Integrated services: a multi-disciplinary approach to healthcare

By Phyllis Hanlon
March 1st, 2010

Since 2001, cooperation and collaboration among Rhode Island’s insurers, physicians and behavioral health specialists has spawned practices that marry medical and psychological services. The coming year holds significant promise for more co-located and fully integrated practices.

Nine years ago, Providence-based Psychological Centers, Inc. began co-locating psychologists and other behavioral specialists at select primary care practices across the state. Currently, 15 sites feature both primary care physicians and behavioral specialists.

Jeffrey Migneault, Ph.D., director of the Center for Integrated Care (CIC) at Psychological Centers, reports that Paul Block, Ph.D., co-director of Psychological Centers and two physicians have been collaborating for the last two years on a design for a new model, Lifelong Personal Health Care (LPHC).

This concept grew out of the limitations in the current co-located model, according to Migneault. While the existing system has yielded benefits, it is not fully integrated, he says. “It depends on medical doctors’ referring and recognizing issues psychologists could help with.”

Migneault explains that the LPHC represents a co-equal model comprising a team of primary care physicians (PCP), behavioral care providers (BCP) and a care coordinator. “The patient will be introduced to the PCP and the BCP at the same time as leaders of the team,” he says. “The treatment plan would be developed from the medical doctor and the behaviorist.” The care coordinator would oversee the medical aspects of the integrated plan, he adds.

Patients with chronic health conditions stand to benefit most from this new model. “The outcome for chronic conditions is better if the behavioral component is part of the treatment plan. Long-term outcomes depend on what the patient does,” says Migneault.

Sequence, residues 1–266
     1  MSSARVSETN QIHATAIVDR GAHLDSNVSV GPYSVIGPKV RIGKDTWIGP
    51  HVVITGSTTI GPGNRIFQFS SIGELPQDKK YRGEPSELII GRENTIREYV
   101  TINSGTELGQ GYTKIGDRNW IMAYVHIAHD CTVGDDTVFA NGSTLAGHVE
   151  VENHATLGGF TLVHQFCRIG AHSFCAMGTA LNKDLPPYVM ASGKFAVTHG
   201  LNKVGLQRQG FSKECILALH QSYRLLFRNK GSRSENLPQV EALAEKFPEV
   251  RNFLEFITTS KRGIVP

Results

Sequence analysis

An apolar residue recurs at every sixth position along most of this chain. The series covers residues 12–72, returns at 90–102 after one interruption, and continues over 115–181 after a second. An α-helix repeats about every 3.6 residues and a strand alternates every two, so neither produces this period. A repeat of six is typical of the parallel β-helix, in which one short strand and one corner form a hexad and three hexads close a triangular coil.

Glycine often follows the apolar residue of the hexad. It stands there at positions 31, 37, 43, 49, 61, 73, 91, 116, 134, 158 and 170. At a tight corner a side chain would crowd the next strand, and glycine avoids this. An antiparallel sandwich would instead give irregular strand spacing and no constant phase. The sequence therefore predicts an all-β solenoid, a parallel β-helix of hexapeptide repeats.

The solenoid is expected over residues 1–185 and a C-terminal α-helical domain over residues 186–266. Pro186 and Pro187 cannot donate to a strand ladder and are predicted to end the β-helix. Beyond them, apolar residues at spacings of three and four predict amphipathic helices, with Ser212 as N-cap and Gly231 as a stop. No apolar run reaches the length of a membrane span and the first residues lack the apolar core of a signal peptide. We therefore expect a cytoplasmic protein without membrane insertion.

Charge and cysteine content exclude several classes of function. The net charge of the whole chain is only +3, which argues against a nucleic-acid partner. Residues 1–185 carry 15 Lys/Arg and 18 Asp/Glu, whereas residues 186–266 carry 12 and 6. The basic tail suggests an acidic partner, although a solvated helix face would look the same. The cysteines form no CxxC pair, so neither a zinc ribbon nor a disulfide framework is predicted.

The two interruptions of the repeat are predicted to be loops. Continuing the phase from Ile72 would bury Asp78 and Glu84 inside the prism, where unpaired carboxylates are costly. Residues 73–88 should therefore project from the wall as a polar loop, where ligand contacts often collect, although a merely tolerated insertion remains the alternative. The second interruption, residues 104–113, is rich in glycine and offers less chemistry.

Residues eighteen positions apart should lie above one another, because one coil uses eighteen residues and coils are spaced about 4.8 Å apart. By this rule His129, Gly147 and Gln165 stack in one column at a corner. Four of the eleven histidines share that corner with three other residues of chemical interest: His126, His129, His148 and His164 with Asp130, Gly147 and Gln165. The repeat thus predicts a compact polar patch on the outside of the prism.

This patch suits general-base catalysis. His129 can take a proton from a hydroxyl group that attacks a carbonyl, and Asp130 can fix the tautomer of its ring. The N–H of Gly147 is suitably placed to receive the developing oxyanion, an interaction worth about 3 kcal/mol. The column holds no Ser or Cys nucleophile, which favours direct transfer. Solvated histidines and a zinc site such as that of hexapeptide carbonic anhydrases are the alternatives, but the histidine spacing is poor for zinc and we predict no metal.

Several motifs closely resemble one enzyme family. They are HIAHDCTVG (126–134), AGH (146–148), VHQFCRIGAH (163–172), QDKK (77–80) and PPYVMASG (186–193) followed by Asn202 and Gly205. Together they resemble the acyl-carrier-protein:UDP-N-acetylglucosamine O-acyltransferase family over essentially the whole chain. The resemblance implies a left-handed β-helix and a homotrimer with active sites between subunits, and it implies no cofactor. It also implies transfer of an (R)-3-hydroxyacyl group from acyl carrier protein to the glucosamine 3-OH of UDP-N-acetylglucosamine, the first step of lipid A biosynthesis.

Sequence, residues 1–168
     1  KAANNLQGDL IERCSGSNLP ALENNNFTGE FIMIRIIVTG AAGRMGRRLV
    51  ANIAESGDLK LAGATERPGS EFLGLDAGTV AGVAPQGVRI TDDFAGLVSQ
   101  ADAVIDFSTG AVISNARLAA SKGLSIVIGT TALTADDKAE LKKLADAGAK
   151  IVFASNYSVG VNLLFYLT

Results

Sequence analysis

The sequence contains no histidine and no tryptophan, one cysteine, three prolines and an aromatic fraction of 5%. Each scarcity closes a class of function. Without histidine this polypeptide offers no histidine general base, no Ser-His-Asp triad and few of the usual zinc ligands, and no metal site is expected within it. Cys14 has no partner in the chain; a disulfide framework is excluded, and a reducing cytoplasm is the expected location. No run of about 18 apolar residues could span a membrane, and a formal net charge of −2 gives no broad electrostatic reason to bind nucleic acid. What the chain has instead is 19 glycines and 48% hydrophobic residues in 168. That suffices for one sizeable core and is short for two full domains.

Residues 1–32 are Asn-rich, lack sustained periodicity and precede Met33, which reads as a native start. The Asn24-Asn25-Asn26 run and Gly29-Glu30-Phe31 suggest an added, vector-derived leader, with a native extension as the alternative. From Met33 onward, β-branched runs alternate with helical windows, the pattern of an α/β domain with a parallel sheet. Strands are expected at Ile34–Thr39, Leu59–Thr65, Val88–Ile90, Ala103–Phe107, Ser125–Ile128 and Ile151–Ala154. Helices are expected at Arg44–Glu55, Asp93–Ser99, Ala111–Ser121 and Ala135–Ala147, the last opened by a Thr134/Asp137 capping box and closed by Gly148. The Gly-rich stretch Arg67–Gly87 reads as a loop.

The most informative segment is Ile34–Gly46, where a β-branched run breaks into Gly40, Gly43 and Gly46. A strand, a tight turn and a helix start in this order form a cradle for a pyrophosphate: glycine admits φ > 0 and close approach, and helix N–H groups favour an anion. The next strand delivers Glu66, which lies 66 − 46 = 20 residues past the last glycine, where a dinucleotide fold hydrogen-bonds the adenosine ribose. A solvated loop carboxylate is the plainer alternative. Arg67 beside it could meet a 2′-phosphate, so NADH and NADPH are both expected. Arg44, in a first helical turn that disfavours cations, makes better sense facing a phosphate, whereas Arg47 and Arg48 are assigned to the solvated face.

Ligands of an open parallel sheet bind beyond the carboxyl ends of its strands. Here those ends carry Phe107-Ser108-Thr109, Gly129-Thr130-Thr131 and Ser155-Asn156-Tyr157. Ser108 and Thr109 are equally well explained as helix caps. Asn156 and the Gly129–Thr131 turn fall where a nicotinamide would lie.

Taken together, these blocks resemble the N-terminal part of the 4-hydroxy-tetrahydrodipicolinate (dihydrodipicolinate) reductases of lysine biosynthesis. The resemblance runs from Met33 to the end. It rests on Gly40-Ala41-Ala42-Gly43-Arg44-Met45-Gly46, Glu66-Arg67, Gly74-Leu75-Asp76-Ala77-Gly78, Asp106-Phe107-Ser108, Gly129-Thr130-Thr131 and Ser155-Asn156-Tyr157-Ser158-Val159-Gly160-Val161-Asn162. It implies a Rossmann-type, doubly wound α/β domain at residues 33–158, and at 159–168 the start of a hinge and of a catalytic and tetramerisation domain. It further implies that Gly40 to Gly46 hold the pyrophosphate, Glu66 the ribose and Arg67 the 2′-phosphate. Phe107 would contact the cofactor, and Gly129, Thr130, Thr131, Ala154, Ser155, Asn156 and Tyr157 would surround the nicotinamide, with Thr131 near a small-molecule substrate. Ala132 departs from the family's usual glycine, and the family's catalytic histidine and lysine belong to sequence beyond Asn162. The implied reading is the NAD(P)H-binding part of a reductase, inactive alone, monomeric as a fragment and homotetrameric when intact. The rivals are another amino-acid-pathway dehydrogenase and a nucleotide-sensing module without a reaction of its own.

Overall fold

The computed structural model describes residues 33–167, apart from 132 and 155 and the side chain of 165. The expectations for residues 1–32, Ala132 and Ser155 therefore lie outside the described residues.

Initially LPHC will operate on a part-time basis, according to Migneault. “The practice won’t go to five days at the beginning. We’ll start slowly and optimize the model,” he says.

Payment issues are also being worked out. “We are talking with the insurance companies. United and Blue Cross/Blue Shield are progressive and willing to fund reimbursement,” Migneault says.

While psychologists will play an integral role, Migneault asserts that this model holds much promise for the physician. “It’s more rewarding work to have a team to address complicated issues so physicians can focus on what they do best,” he says, noting that medical doctors at co-located sites offer praise for their behavioral colleagues. “I’m amazed by PCPs and what they are trying to do, often in 15 minutes. They have case-loads of thousands. To [expect them to] understand, track and prioritize psychosocial issues is unreasonable.”

LPHC received $65,000 in seed funding in October 2009 from the Rhode Island Foundation. Owen Heleen, vice president for grant programs at the Foundation, says, “We see tremendous benefits to models that fully integrate skills.” While he admits there is no “silver bullet approach” to healthcare, he points out that having different models can lead to the optimal system. “We are happy to support these really good ideas.” He credits Psychological Centers with the work it is doing to develop a successful, cost-effective model of integrated care. “Psychological Centers has the expertise to put together the technical and actuarial work. They know how to become sustainable for others to look at and then sustain their own models,” he says.